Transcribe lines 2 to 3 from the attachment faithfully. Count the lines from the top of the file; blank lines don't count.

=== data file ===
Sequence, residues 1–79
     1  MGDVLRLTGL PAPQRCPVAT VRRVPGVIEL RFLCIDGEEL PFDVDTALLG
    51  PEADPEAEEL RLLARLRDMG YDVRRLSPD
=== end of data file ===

     1  MGDVLRLTGL PAPQRCPVAT VRRVPGVIEL RFLCIDGEEL PFDVDTALLG
    51  PEADPEAEEL RLLARLRDMG YDVRRLSPD